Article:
In the meantime, supply disruptions in Libya, Venezuela, and Canada, in addition to the larger-than-expected decrease in crude stocks in the USA, provided extra fuel to crude oil throughout the week.
"This will push the system close to the limit", and spare production capacity could fall below 2 million barrels a day - a level previously associated with $100 per barrel prices, the group said.
United States retail unleaded gasoline prices, including taxes, averaged $2.833 a gallon for the week ended 25 June, according to the nation's Energy Information Administration.
"We believe that Saudi Arabia will particularly increase output over the summer to meet its seasonally higher demand and bring Opec production to the target level".
Indian Oil Corp, Mangalore Refineries and Petrochemicals Ltd and Nayara Energy, the top three Indian buyers of Iranian oil, did not respond to Reuters's request for comments. The kingdom pumped slightly more than 10 million barrels a day in May.
"Supply deficit in the oil market is here to stay", Frank Schallenberger, head of commodity research at LBBW, said.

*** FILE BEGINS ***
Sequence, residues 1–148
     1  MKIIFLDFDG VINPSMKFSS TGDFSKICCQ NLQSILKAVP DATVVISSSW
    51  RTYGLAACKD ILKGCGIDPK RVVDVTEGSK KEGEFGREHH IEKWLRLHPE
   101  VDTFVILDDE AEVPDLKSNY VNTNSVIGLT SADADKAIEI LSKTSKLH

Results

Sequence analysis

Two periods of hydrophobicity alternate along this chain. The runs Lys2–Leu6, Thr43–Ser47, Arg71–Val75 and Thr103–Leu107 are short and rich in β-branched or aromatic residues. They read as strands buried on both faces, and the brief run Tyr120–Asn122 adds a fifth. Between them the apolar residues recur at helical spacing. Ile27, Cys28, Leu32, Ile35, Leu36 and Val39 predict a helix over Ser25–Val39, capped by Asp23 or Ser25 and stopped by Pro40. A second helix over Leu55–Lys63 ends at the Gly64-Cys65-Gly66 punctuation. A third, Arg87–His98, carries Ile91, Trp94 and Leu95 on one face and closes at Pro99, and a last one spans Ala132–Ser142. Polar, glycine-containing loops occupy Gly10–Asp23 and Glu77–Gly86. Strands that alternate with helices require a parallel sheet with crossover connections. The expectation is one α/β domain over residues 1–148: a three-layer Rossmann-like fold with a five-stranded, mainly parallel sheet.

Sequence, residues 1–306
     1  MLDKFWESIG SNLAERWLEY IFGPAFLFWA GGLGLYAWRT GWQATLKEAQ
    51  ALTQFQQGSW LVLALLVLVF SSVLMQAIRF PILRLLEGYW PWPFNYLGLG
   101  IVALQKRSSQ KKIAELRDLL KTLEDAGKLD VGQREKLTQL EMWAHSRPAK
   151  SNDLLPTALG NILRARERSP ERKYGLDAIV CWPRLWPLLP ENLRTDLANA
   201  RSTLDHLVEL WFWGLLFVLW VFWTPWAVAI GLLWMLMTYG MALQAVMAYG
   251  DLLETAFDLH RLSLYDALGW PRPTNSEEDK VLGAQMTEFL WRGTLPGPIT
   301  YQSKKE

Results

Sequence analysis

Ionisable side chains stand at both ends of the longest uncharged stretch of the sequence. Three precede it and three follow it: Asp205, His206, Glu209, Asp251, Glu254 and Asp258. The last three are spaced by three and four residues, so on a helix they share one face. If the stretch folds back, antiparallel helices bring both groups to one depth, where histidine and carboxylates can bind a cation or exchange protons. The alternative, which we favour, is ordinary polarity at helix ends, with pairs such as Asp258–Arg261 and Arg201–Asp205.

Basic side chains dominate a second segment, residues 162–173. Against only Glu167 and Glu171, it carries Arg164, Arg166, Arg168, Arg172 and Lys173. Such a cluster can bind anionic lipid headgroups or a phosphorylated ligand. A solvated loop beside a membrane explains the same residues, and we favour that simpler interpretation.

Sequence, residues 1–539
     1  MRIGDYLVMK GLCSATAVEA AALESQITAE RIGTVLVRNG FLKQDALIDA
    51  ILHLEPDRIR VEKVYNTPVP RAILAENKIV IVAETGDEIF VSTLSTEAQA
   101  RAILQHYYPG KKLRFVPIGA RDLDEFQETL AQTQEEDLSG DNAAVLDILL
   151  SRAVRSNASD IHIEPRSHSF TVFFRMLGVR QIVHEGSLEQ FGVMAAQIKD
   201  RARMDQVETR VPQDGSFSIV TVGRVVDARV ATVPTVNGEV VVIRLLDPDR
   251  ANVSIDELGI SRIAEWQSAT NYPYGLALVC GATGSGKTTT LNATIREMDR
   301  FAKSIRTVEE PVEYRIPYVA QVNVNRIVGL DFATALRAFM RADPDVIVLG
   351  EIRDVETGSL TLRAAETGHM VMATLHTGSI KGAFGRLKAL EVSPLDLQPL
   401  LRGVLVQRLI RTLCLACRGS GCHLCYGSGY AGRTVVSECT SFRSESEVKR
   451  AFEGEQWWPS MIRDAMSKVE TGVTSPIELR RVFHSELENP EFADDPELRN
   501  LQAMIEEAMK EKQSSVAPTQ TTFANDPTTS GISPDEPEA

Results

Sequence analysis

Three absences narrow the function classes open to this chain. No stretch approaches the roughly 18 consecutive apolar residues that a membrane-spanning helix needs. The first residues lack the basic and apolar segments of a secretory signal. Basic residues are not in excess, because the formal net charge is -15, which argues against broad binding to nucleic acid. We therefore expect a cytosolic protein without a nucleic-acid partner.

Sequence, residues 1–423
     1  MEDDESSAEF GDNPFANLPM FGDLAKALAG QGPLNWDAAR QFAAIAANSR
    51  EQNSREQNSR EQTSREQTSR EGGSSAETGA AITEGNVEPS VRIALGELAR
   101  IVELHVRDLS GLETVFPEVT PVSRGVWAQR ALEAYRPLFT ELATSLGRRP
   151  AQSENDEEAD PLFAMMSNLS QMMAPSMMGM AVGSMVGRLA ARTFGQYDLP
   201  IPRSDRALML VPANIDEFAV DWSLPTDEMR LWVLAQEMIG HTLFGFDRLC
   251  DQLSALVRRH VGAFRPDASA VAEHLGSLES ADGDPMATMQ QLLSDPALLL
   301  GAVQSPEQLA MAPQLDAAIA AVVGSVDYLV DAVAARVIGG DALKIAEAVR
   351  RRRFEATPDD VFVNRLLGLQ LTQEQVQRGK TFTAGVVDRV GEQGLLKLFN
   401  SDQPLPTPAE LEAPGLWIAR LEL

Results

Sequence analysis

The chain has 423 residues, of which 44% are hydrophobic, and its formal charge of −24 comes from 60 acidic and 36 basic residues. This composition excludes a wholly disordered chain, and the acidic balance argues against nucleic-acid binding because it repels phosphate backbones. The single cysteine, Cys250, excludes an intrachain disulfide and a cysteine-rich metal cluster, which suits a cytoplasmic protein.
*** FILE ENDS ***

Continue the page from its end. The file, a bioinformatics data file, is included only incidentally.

Trump tweeted of the meeting: "Hope OPEC will increase output substantially".
"Prices too high! He has agreed!"
OPEC and Russian Federation have said they will raise output to meet demand and replace crude from unplanned disruptions but many analysts think the extra supply may be inadequate.
Saudi Energy Minister Khalid al Falih met with US Secretary of State Mike Pompeo in Washington on Thursday to discuss energy security. It did not mention the two million barrel increase. A request by Trump for 2 million bpd more would be at least double market expectations.
Until then, however, Asia is buying as much Iranian oil as possible. Trump ordered the re-imposition of USA sanctions against Iran that were suspended under the accord. The US State Department announced it was aiming to drive the country's oil exports to "zero", rejecting the gradual approach to sanctions President Barack Obama's administration adopted back in 2012. Total's chief executive Patrick Pouyanne said last month that it was unthinkable for any global company to risk being excluded from the United States financial system - the penalty for buying Iranian crude beyond November 4.